AIDS/HIV Education in Zambia

I used a Christmas gift card to pick up, among other things, Stephen Lewis’ new book, Race Against Time. The book is based on Lewis’ Massey Lecture series from 2005 at the University of Toronto. It’s a fascinating read, full of some troubling annecdotes, but also some heartwarming stories. One of the more optimistic stories comes from Zambia.

A residential school in the Zambian town of Lusaka is a pioneer in education in Africa. The school is called Umoyo, and is relatively small (about 60 students attend). Umoyo is unique in that it is strictly an all-girls school, and all of its students are chosen by their communities to attend. All of the girls are between 15 and 19 years-old, and all of them have been orphaned by AIDS.

Umoyo is reknowned for its positive environment. In Race Against Time, Lewis praises the excellent student-to-teacher ratio, and describes all of the staff members as “uniformly first-rate.” Lewis writes: “The entire atmosphere is resolute and loving.” During a girl’s stay at Umoyo, her first two months are spent recovering from the traumatic period she just endured – the death of a parent from AIDS. Next, she is given time to get used to her new school, surroundings, and peers. Academics make up the final eight months of her stay at the school. Umoyo is known for its first-rate education, and its students consistently score high on nation-wide tests.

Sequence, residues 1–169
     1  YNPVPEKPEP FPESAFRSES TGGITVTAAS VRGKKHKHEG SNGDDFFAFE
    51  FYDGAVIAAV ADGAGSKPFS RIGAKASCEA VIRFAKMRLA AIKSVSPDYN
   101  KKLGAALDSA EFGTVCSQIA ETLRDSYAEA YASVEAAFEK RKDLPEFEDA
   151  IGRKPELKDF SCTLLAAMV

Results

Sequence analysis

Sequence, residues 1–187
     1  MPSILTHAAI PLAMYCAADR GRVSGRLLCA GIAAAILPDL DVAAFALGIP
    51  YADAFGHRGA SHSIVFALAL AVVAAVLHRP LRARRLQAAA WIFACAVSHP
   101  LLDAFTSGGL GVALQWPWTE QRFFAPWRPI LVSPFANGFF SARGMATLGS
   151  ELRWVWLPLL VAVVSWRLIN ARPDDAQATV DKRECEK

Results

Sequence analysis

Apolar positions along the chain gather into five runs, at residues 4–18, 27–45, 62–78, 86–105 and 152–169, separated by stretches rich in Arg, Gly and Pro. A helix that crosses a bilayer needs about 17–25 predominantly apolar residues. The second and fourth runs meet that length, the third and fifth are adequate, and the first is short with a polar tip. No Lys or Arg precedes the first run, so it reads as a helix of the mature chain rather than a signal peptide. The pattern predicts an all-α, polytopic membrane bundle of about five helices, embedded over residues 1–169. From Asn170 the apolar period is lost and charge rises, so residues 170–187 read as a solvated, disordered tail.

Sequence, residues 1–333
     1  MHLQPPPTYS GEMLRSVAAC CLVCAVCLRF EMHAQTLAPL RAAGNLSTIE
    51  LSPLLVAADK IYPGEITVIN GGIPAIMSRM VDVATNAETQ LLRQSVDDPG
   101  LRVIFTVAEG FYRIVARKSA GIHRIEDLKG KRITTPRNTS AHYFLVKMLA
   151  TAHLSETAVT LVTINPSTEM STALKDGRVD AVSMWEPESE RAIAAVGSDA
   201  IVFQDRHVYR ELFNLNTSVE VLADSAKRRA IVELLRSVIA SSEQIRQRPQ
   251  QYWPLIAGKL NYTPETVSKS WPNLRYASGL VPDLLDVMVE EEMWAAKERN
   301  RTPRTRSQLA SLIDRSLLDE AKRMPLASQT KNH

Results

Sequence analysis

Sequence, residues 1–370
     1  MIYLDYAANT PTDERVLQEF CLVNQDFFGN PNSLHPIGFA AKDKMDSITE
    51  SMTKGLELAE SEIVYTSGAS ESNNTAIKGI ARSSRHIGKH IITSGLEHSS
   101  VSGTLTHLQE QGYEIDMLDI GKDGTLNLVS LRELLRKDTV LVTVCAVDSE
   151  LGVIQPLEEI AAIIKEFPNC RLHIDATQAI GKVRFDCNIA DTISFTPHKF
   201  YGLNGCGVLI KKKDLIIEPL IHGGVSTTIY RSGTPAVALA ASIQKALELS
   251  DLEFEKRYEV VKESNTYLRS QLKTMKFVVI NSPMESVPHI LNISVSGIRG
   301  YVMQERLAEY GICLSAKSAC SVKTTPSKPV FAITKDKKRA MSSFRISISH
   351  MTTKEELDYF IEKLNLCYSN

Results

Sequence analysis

The supportive environment at Umoyo is invaluable to its girls. Females between the ages of 15 and 19 are most at-risk of acquiring the HIV virus. At Umoyo, girls become more self-confident, and also more aware. They learn that it is okay to say “No” to sex. They learn that they are allowed to insist on the use of a condom. And they learn that there is nothing wrong with reporting sexual violence. As Lewis writes, Umoyo proves that prevention “consists of the kind of affirmative action for girls that undoes all the cumulative damage done over time, to their perceptions of themselves, their egos, their self-confidence, their sexuality.”

Stephen Lewis is not alone in his praise of Umoyo. None other than Oprah Winfrey has made the school a recipient of grants from her Angel Network.

Check out this link for a short article on HIV/AIDS in Africa, and the role that Umoyo is playing in Zambia.

About Stewy

As the current Assistant Director of Camp Wenonah Mike gets to play outside all day. Except in the winter months when he studies how to teach studies to others.

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